… the latter arose, and, feigning to take no heed to those words, went ashore to tell the Christian king [Humabon] that we were about to leave very soon, but that if he would follow his advice, he could gain the ships and all our merchandise. Accordingly they arranged a plot, and the slave returned to the ship, where he showed that he was more cunning than before.

In retrospect, this can be seen only as conjecture, since no investigation could be carried out. More likely Humanbon, disillusioned and in need or protecting his own future, put the plan in action, possibly getting complicity from Enrique.


The Massacre at Cebu

On May 1, Enrique relayed an invitation from Humabon for the fleet’s captains and officers to attend a banquet, where he would give them jewels to carry back to the Christian king. Twenty-six men went ashore, among them Barbosa, Serrano, and other top officers.

At the last minute, two of them, João de Lopes Carvalho and Gonzalo Gómez de Espinosa, grew suspicious and hurried back to the ships. Just as they arrived, the crew heard shouting from beyond the beach. According to Pigafetta, who was wounded and stayed on board:

Twenty-four men went ashore, among whom was our astrologer, San Martín de Sivilla. I could not go because I was all swollen up by a wound from a poisoned arrow which I had received in my face. Jovan Carvaio and the constable returned, and told us that they saw the man who had been cured by a miracle take the priest to his house. Consequently, they had left that place, because they suspected some evil. Scarcely had they spoken those words when we heard loud cries and lamentations.

We immediately weighed anchor and discharging many mortars into the houses, drew in nearer to the shore. While thus discharging [our pieces] we saw Juan Serrano in his shirt bound and wounded, crying to us not to fire any more, for the natives would kill him. We asked him whether all the others and the interpreter were dead. He said that they were all dead except the interpreter.

Carvalho, suddenly a senior officer, made the decision to flee before the Spanish ships were attacked. It’s unclear from different accounts whether he abandoned Serrano there on the beach or whether Serrano ordered him to escape, though Pigafetta reported the former.

He begged us earnestly to redeem him with some of the merchandise; but Johan Carvaio, his boon companion, [and others] would not allow the boat to go ashore so that they might remain masters of the ships. But although Juan Serrano weeping asked us not to set sail so quickly, for they would kill him, and said that he prayed God to ask his soul of Johan Carvaio, his comrade, in the day of judgment, we immediately departed. I do not know whether he is dead or alive.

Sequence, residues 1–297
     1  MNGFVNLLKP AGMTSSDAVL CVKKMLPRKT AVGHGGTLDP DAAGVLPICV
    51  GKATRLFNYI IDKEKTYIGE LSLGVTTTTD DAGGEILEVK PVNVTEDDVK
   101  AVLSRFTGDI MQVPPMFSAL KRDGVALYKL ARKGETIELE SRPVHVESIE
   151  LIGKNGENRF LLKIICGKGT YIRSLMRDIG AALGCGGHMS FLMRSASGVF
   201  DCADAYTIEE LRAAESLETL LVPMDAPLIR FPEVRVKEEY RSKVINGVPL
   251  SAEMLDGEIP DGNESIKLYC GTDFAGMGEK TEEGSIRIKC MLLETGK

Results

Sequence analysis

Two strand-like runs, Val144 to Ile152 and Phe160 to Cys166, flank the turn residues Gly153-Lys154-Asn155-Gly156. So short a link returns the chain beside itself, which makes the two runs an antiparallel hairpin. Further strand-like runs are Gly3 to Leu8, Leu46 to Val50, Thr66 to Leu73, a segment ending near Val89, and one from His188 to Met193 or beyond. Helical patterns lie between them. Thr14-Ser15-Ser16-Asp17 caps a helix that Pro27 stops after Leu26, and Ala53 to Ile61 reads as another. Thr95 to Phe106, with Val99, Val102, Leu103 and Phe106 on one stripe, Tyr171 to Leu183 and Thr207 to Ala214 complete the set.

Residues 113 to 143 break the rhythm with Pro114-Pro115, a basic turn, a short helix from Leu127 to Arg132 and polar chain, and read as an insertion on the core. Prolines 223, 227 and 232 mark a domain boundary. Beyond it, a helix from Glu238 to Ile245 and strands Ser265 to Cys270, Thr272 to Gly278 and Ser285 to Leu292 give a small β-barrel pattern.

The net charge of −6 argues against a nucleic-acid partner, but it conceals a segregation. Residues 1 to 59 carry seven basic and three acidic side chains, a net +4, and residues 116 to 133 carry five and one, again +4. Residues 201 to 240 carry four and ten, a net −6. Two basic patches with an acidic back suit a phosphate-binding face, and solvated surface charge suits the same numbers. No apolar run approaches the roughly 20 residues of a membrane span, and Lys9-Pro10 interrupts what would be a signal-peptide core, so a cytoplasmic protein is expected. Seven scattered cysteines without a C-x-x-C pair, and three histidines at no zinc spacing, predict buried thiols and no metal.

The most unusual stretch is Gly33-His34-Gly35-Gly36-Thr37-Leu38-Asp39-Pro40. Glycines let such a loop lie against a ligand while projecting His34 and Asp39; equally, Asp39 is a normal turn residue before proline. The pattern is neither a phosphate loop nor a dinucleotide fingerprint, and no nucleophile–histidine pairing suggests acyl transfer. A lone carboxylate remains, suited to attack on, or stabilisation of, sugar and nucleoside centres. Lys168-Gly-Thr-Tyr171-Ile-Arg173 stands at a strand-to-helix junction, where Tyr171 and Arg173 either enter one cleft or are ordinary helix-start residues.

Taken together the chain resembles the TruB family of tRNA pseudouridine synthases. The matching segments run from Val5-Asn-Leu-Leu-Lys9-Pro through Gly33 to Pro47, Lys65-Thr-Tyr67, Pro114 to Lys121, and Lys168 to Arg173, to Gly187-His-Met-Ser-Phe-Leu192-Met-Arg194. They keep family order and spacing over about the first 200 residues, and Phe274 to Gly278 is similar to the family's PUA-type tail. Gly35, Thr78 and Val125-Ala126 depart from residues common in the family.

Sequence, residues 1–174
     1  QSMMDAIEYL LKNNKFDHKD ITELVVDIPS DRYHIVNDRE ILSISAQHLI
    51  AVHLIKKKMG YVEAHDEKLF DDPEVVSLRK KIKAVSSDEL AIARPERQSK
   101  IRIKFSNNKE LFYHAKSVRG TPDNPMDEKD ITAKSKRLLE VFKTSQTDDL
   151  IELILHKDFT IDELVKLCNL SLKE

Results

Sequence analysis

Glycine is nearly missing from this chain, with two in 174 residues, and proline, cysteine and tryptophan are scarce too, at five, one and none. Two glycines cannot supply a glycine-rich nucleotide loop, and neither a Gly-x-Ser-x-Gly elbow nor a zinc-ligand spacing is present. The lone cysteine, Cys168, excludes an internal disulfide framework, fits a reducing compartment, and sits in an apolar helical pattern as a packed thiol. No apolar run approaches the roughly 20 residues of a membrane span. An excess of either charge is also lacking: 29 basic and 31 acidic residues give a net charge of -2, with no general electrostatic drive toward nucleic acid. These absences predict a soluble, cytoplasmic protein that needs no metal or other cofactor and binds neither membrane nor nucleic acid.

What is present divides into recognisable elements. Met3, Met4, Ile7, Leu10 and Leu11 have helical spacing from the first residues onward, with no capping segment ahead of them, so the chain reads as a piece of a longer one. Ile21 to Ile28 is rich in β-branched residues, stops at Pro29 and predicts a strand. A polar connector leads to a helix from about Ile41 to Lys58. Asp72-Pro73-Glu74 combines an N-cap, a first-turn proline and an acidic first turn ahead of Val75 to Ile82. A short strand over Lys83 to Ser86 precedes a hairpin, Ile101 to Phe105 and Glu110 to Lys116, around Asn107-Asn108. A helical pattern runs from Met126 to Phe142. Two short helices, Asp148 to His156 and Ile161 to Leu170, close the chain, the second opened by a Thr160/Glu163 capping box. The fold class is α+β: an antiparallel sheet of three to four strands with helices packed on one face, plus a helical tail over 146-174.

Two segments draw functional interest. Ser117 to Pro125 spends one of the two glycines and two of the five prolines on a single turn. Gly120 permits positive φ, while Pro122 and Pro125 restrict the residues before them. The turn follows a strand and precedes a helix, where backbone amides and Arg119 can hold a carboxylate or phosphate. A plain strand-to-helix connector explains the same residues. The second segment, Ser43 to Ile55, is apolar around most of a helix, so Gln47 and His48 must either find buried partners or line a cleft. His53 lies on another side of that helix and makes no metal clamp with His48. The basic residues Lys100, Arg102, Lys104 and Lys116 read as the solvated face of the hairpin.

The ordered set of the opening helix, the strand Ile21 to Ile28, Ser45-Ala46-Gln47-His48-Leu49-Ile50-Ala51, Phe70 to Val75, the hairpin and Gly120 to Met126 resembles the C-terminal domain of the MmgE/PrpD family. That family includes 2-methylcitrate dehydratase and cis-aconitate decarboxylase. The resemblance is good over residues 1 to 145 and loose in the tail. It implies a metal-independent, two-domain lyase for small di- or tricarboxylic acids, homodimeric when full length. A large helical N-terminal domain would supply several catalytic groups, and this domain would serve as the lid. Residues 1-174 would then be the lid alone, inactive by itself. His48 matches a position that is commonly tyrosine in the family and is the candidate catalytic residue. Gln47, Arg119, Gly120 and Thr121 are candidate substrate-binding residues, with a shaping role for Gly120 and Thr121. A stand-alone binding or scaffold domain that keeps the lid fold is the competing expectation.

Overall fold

The three ships left immediately, so details of the attack were never learned. Enrique of Malacca was never again seen by the Europeans. 

Again, if Magellan's Barbosa was the travel chronicler, his death at Cebu possibly meant a huge loss of historical knowledge. And had Pigafetta not been injured at Mactan, he too would have attended the banquet and been killed, and we would know very little about the expedition today.

As for Juan Serrano, he was last seen beaten on the beach. He may have been killed there, though it’s been suggested he was kept alive and sold as a slave, possibly in China.


Notes:

1. It is known through records that Duarte Barbosa was a relation of Ferdinand Magellan’s through marriage, possibly Magellan’s brother-in-law or his wife’s cousin.

2. This is a good point to stop and remember that history is written not by the victors but by the victors’ writers. Had Barbosa survived to write his own account of the expedition, we might have a very different picture of events and of the people involved. (Treat and pay your writers well.)

3. More-recent historians have cast doubt on whether it was Barbosa’s relation who wrote the Book of Duarte Barbosa. Records show there were three Duarte Barbosas in India at the time. Historians including translators Stanley and Dames credited Magellan’s Barbosa as the author, but more-recent studies show the author was a different Barbosa. For what it’s worth, the Magellan biographer Tim Joyner noted that of the three Duarte Barbosas, the author had “a propensity for getting into trouble for neglecting his job,” at one point causing Albuquerque to clap him in irons. Magellan punished his relation twice for the same behavior.

4. Henry Edward John Stanley, 3rd Baron Stanley of Alderley, (1827–1903) was a historian who translated several works on the Age of Discovery including Barbosa’s book and The First Voyage Round the World by Magellan, which included the accounts of Antonio Pigafetta and others who made the journey. Stanley became fascinated with the East as a boy and sometime around 1859 converted to Islam, making him the first Muslim member of the House of Lords.


By John Sailors

EnriqueOfMalacca.com



Images:

• Barbosa. Public domain.

• Portuguese trade routes. Walrasiad, CC BY 3.0, via Wikimedia Commons

• Portuguese trade empire. Creative Commons license. Wikimedia Commons.



(C) 2022, by John Sailors.



The Book of Duarte Barbosa Online

Below are English translations of two Barbosa manuscripts, one an original, the other in Italian. The translators/editors of both provided introductions with valuable history on Barbosa and the manuscripts. For an introduction to the manuscripts, check the Resources page at EnriqueOfMalacca.com.


A DESCRIPTION OF THE COASTS OF EAST AFRICA AND MALABAR IN THE BEGINNING OF THE SIXTEENTH CENTURY (Ramusio translation) 

BY DUARTE BARBOSA, A PORTUGUESE

TRANSLATED BY THE HON. HENRY E. J. STANLEY.

Introduction by Henry Edward John Stanley, translator and editor.

From Gutenberg.com.


The Book Of Duarte Barbosa  Vol. 1

by Dames, Mansel Longworth, Tr.

From Internet Archive / Archive.org.


The Book Of Duarte Barbosa  Vol. 2

by Dames, Mansel Longworth, Tr.

From Internet Archive / Archive.org.